Home Grown Bad Guys

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Home-grown Bad Guys

This is Associated Press TV writer Frazier Moore Watching Television, loads of television, for KCRW. In fact, over the weekend I watched most of the new Fall pilots, and I've reached this happy conclusion: The new drama shows have resisted outsourcing their evil forces to other nations and other galaxies. TV's new villains now seem mostly home-grown.

I applaud this commitment to America. Why? For starters, it means fewer TV bad guys speaking in overblown Slavic or Arab accents, which not only signal negative stereotyping but are also kind of cliche.

It also means fewer earthlings plagued by slimy fish-like creatures or frothing zombies or other life forms that make you go yeccch. Hey, last year five new dramas did their best to spook you with their whacked-out weirdness. Remember? Surface... Invasion... Night Stalker... Threshold... Supernatural. Of them, only The WB's Supernatural will be back to haunt us this coming season.

The new crop of dramas relies more on suspense and mystery than gross-out and goblins. And as I said before, these shows are choosing not to get all exotic with their enemies.

On NBC's Kidnapped, the teenage son of high-society Manhattanites Timothy Hutton and Dana Delany is snatched en route to school. Who's apparently behind the plot? A greedy domestic mastermind!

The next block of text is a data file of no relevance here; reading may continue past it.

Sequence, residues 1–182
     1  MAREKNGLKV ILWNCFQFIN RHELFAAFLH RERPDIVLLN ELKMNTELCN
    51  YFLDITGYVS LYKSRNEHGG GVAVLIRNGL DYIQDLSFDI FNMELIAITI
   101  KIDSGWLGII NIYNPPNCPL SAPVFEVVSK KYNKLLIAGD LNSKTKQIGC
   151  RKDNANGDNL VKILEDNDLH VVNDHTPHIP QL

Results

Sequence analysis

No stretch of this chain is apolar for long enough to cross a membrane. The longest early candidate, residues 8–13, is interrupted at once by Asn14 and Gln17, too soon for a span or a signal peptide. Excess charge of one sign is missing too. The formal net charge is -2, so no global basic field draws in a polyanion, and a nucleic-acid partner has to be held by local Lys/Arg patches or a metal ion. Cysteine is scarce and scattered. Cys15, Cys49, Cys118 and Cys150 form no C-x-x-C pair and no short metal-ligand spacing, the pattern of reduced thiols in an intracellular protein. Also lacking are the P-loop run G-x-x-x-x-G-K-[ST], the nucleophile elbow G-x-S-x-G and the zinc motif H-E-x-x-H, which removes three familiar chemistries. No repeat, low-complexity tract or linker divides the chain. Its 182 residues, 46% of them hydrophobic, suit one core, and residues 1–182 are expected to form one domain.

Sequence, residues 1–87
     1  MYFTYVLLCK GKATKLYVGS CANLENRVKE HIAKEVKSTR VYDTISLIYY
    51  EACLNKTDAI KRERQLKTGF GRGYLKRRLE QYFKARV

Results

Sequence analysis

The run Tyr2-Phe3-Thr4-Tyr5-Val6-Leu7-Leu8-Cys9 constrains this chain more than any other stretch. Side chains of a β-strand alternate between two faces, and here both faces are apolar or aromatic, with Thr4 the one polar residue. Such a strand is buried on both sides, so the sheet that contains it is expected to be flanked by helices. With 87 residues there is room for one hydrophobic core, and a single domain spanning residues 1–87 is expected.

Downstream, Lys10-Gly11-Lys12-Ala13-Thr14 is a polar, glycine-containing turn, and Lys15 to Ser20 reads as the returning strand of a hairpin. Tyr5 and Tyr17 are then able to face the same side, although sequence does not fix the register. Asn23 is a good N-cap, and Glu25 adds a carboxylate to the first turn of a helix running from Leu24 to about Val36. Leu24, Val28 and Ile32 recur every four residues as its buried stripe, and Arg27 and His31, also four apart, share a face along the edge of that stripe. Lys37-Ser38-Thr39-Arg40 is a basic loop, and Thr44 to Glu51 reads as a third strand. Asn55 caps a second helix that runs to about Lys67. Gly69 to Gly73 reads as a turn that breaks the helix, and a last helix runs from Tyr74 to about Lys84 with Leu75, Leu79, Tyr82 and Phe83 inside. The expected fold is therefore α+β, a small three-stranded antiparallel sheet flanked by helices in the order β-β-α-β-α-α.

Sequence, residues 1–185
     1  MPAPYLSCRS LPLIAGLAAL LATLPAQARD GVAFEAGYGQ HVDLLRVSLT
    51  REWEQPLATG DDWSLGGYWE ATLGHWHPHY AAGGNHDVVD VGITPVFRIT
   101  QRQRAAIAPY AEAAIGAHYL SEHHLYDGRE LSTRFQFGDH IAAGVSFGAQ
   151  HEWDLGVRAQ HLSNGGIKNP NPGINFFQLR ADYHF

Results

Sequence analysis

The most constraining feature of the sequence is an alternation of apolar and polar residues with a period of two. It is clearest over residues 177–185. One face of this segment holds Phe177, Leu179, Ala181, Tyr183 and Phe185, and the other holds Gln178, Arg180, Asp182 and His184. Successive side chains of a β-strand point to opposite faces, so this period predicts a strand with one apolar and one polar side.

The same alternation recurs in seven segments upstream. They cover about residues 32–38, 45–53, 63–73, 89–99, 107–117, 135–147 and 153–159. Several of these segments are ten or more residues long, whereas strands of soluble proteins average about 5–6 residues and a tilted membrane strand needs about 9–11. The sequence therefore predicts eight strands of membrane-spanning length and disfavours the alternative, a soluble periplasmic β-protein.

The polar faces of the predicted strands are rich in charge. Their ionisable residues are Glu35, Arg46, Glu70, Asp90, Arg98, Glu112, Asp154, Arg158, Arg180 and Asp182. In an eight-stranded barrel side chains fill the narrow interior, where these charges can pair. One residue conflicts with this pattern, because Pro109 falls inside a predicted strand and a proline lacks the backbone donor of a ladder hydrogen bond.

On another serial drama, Fox's Vanished, a Senator's wife is spirited away from a gala dinner in her honor at a snazzy hotel. Making things juicier, the lovely young woman turns out to have a mysterious past. Is her disappearance a scam she's helped cook up?

On the new CW Network (which merges UPN with The WB), Runaway finds a big-time lawyer played by Donnie Wahlberg on the lam with his wife and three children, trying to clear himself of a murder he's been framed for. They're being chased not only by the Feds but also, further complicating things, by scoundrels trying to kill them. We don't know why. They don't either.

And on CBS' Jericho, a mysterious explosion spewing a dark cloud on the horizon has isolated a small Kansas town from the rest of the country. And raised doubts how much of the country beyond the town's borders still exists.

Granted, this could be the result of a foreign attack or global terrorism. But I'm betting the cause is something more down-home. In any case, the show seems focused not so much on who or what, as how -- how will this local community cope with disaster and fear of the unknown?

I confess that, as promising as some of these new shows seem, I'm daunted by their over-similar titles. And I didn't even mention one called Traveler, an ABC pilot I haven't seen yet.

But I'm sure I'll get the names sorted out, and so will you.

In the meantime, we can all ponder the implications of this new program trend -- how it can be bracing to face evil without reaching across the globe or across the universe. And how it can also be oddly reassuring. A TV series, any TV series, should be relatable to its audience, which recalls for me a classic line from the comic strip Pogo: "We have met the enemy and he is us." That's really relatable! And it can make for really good drama.

Watching Television for KCRW, this is Associated Press TV writer Frazier Moore.